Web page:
At Sanford-Burnham Medical Research Institute (Sanford-Burnham), scientists have identified how an enzyme called PKCζ suppresses prostate tumor formation.
The finding, which also describes a molecular chain of events that controls cell growth and metastasis, could lead to novel ways to control disease progression.
Working in close collaboration, the labs of Maria T. Diaz-Meco, Ph.D., and Jorge Moscat, Ph.D., found that PKCζ controls the activation of a pro-tumor gene called c-Myc. Normally, PKCζ's alteration keeps c-Myc in check. But PKCζ levels are low in prostate and other cancers, leaving c-Myc free to enhance cell growth and metastasis. This study, published April 1 in the Proceedings of the National Academy of Sciences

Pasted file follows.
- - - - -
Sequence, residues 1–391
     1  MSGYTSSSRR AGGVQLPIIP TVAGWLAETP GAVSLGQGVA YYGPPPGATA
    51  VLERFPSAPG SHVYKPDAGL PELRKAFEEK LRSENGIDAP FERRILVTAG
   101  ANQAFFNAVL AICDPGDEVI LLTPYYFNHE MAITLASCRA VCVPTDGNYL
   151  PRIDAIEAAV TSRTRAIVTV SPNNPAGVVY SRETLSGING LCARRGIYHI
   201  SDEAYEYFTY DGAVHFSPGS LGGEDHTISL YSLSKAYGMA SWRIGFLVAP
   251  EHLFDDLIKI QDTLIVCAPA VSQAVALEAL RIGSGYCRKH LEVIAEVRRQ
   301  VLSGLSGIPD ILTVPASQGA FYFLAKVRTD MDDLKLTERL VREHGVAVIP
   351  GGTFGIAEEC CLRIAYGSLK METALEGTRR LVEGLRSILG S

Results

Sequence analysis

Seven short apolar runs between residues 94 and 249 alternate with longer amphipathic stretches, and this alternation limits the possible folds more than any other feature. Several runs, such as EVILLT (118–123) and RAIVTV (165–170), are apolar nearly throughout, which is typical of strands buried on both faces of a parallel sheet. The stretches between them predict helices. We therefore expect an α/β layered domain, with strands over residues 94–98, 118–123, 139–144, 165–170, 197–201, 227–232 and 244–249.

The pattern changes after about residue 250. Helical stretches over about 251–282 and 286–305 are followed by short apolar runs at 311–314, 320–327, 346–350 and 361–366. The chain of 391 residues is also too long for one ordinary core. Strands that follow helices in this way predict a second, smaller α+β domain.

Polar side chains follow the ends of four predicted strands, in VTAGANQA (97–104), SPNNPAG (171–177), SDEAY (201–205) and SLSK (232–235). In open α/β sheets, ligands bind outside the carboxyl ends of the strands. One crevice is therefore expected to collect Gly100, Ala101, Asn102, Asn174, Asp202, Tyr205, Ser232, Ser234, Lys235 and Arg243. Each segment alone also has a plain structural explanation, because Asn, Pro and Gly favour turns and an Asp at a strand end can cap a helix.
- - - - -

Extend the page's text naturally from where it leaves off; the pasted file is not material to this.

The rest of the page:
, suggests that restoring PKCζ could provide a new approach to treating prostate cancer.